In this exhibition, visitors can experience artworks in which the human genome is used as the basis for a poetry machine for a self-assembling video montage spanning the thirteen years – a memorial work and an algorithmic visualisation for an historic scientific landmark. 3d printed avatars, representing distorted bodies in pain, in relation to virtual worlds, where there’s no geography and the result is the crack / wound, everywhere and nowhere. Portrait sculptures conjure up unknown persons from an analyses of genetic material collected in public places. Visitors participate in a software-driven installation, a performative social neuroscience experiment to discover our shared psychological biases. A surreal video installation shows us a dystopian blend of ‘reality’ out in the remote Australian desert with traditional ghost stories and dreamtime stories, mixed with science fiction. The Sahara Desert is remapped by a custom bot in an algorithmically scripted performance, traversing the data-scape of Google Maps and filling a Tumblr blog and its data-centres. Artists take our bio-matter and the inconceivable quantities of data which we generate in our daily lives as materials with an inherent recombinant intelligence and the power to generate (without the intervention of human will) the narratives of human destiny and more. Do we inhabit our own bodies anymore, or do we share our body materials out for others to measure, reshape and construct, data-scrape and manage remotely. Arthur Kroker in Body Drift: Butler, Hayles, Haraway says that, “we no longer inhabit a body in any meaningful sense of the term but rather occupy a multiplicity of bodies – imaginary, sexualized, disciplined, gendered, laboring technologically augmented bodies.” [2]


Artists and scientists work with the same tools, frameworks and archetypes. There are crossovers, it’s no surprise that we find the boundaries of imaginative fantasy and objective reality breaking down. Take for instance, the jellyfish invasions around nuclear reactors in Japan, Israel, Sweden, and the Scottish plant in Torness. The natural world is writing its own science fiction into a new reality, with vivid images and outlandish outcomes. Right now, the classic techno-utopian dream of computers liberating us all and providing the tools that will underpin global democratisation, seem a long way off and even somewhat sterile. Since the news stories broke of mass surveillance of Internet users by NSA and Prism, we’ve experienced new formulations of mutual surveillance and manipulation everyday. So now we stand at a precipice, what choice do we have but to jump into this sea of dysfunctional dystopia(s), and to directly observe for ourselves, what we have become and what we will be, the Monsters of the Machine.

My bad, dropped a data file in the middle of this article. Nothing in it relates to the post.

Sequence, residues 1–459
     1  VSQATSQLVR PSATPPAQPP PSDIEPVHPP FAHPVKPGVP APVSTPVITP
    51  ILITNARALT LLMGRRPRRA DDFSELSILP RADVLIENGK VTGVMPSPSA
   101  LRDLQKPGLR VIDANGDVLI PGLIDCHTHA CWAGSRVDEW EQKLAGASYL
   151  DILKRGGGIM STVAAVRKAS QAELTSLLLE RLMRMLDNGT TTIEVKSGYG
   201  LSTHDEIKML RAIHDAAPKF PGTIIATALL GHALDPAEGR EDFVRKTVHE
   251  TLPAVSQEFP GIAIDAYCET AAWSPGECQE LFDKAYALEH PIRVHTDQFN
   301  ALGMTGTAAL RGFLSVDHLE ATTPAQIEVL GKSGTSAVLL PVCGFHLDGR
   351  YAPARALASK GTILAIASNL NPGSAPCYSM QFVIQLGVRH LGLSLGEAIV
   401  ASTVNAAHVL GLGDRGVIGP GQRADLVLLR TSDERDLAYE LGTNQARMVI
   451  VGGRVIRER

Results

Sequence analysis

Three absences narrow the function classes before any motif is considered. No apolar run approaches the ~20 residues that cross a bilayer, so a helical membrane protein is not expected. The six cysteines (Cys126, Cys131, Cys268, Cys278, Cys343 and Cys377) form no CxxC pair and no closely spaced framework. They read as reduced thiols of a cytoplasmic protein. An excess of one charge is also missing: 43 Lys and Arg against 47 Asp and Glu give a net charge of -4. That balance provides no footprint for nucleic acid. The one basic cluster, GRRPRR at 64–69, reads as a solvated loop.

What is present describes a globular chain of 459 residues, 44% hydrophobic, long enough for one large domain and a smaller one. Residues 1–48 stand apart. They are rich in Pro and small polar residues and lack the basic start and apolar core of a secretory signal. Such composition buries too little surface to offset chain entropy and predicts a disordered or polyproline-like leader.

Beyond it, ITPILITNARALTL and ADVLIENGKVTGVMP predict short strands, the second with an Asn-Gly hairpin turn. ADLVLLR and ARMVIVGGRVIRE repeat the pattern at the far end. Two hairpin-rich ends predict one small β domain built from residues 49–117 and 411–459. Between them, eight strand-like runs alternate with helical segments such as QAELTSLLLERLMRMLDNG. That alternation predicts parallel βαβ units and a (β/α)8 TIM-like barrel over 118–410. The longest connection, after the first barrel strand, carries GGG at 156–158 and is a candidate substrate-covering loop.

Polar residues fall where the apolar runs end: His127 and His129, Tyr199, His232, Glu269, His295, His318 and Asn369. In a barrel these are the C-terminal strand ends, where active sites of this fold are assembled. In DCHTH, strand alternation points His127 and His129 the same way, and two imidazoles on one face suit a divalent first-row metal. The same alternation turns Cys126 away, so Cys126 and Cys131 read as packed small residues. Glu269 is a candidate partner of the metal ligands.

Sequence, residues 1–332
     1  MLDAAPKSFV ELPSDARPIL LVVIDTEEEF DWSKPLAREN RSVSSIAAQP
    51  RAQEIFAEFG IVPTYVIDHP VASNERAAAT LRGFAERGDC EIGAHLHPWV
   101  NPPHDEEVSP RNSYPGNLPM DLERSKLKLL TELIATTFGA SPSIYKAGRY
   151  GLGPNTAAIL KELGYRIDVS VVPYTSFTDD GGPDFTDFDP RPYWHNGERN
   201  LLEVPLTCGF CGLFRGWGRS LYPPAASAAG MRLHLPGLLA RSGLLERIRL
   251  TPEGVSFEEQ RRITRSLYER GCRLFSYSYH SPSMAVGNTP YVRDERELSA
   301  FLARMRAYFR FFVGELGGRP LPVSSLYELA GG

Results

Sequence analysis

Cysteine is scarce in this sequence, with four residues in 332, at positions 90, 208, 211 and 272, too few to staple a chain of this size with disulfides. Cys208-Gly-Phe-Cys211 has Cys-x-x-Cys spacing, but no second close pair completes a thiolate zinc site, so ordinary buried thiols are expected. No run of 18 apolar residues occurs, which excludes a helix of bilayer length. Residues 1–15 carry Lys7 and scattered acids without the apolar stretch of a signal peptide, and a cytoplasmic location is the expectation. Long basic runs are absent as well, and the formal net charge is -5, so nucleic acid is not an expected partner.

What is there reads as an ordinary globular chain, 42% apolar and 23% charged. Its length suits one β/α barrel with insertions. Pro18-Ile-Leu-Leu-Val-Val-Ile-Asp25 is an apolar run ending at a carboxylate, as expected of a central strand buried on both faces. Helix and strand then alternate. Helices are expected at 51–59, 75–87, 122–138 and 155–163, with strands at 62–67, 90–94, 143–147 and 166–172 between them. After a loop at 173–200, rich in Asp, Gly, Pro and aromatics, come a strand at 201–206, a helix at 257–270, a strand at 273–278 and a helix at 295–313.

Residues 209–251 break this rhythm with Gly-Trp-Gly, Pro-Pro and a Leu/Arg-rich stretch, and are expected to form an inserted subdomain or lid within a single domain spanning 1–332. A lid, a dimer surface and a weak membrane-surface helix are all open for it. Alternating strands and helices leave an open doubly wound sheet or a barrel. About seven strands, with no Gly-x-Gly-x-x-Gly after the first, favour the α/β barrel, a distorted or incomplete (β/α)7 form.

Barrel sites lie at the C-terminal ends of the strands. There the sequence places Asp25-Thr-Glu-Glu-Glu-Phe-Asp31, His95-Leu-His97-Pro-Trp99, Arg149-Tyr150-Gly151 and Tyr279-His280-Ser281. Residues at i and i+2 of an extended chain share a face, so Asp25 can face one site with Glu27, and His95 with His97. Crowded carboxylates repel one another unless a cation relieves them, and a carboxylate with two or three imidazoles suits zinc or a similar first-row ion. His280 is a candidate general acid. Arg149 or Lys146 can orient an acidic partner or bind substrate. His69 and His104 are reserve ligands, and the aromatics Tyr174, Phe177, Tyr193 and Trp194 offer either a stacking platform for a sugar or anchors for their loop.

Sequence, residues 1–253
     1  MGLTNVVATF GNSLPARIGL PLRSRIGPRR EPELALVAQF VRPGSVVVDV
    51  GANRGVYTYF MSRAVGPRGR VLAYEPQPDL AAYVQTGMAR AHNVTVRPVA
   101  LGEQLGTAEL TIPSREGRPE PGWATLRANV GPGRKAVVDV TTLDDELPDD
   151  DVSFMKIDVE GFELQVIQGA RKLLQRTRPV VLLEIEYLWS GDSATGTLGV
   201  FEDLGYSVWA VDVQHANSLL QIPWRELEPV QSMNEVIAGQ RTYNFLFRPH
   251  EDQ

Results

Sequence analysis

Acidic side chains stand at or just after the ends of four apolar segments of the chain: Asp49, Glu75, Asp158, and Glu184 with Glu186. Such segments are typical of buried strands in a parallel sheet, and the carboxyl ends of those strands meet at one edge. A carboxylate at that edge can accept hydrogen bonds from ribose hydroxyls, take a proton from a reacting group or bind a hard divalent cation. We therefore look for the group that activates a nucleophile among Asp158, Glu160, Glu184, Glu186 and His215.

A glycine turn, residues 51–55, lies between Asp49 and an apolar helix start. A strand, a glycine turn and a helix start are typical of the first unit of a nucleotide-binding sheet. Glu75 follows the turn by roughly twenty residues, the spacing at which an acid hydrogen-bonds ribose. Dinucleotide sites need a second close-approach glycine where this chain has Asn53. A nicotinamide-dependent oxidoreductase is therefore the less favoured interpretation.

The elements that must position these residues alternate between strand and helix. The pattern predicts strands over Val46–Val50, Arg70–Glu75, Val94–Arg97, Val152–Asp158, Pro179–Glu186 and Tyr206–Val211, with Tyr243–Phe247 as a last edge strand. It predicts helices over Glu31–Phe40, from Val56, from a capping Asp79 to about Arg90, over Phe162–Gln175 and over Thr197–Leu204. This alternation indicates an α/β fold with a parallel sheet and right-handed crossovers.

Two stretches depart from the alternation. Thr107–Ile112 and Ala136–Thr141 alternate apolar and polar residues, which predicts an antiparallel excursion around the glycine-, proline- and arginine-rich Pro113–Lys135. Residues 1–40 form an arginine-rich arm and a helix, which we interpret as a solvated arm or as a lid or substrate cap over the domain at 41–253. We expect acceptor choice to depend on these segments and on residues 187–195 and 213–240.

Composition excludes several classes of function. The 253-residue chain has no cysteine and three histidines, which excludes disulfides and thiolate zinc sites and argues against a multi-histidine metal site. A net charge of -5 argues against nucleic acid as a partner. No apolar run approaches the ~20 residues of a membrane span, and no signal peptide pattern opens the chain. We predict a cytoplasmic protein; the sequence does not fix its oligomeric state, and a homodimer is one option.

The main image is small section of a larger work by Carla Gannis, The Garden of Emoji Delights by Carla Gannis)



[1] Body Drift: Butler, Hayles, Haraway (Posthumanities). Author Arthur Kroker. University of Minnesota Press (22 Oct. 2012).

[2] Body Drift: Butler, Hayles and Haraway. Review by Marc Garrett 15/08/2015.


‘Monsters of the Machine: Frankenstein in the 21st Century’ at Laboral in 2016.

The exhibition draws upon ideas originally written in an essay. Prometheus 2.0: Frankenstein Conquers the World! Marc Garrett.
On Furtherfield
On Academia

Interview with ‘Monsters of the Machine’ Artist, Eugenio Tisselli. March 20, 2017.

Flickr — Monsters of the Machine: Frankenstein in the 21st Century LABoral, Spain. 18th November 2016 – 31st August 2017. https://www.flickr.com/photos/http_gallery/albums/72157678515392791

Flickr — Children of Prometheus 1 July – 20 August 2017.